Open Service framework for IoT services f-17.png

Figure ‎F‑17 Open Service framework for IoT services  [2]

Vlacheas et al. [3] proposed a framework for self-management and self-configuration.   They claim that their framework addresses three major challenges related to the large number of objects and the associated complexity and unreliability that comes with them due to their inherited heterogeneity.  They introduced a Virtual Object (VO) that models a Real World Object (RWO).  They also introduced a Composite Virtual Object (CVO) which is considered a cluster of objects that provides services.

technical view of the cognitive management framework for the internet of things f-18.jpg

Figure ‎F‑18 a technical view of the cognitive management framework for the Internet of Things  [3]

They divide their framework into VO, CVO, and service level.  Cognition is adopted along these three levels.  The Virtual Object (VO) needs to keep a link with the RWO via self-management and self-configuration to help the VO learn and generate knowledge about the RWO.  For the CVO level, self-management and self-configuration are used to let the CVO provide the application requirements.  Finally, the cognition technique in the service level aims to capture the application requirements and policies in order to help the CVO in its selection process for VOs (Figure ‎F‑18).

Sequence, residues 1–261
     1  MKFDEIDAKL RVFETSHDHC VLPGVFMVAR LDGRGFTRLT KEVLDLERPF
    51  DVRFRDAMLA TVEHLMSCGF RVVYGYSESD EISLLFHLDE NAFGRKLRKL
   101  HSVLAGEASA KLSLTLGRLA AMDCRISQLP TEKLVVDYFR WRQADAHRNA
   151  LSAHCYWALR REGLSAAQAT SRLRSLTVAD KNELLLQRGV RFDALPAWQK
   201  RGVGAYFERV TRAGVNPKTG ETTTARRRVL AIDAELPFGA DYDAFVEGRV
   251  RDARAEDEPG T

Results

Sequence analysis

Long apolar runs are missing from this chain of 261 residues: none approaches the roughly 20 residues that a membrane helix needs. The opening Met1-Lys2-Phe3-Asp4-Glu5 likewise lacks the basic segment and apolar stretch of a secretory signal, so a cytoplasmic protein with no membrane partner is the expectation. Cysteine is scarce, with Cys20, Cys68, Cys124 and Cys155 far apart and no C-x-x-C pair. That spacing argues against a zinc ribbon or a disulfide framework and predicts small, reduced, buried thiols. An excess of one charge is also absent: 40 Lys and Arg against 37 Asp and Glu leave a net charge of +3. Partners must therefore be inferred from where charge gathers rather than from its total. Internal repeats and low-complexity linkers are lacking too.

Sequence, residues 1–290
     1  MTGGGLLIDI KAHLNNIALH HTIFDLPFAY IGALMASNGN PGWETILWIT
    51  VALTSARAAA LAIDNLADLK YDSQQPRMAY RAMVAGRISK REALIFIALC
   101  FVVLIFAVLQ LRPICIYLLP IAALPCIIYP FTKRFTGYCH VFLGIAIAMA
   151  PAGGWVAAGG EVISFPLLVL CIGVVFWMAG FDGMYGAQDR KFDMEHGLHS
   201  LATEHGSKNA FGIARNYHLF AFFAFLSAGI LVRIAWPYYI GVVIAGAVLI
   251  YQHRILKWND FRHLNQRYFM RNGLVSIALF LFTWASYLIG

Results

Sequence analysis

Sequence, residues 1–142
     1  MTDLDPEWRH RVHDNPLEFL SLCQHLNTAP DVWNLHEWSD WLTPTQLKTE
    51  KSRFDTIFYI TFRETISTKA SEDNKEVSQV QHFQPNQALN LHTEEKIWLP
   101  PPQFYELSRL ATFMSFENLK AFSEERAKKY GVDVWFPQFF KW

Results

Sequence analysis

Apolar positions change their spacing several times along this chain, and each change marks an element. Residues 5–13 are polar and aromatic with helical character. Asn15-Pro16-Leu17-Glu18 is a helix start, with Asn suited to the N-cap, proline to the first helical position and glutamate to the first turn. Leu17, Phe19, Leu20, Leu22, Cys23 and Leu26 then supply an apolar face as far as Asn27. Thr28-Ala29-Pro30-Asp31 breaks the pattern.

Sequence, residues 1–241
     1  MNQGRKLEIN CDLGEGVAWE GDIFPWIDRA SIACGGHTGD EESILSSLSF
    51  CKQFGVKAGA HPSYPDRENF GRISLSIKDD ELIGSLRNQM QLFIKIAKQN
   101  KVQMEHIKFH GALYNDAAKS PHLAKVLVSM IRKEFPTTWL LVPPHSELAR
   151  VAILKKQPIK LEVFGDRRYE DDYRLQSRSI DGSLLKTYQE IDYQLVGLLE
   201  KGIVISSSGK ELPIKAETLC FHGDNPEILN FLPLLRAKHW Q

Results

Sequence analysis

On the other hand, real world objects represent a different challenge for other researchers.  Perera et al.  [4] worked on designing a framework to discover sensors and configure them.  They consider their model important as they address some major challenges in the sensor discovery and configuration process.  These challenges are: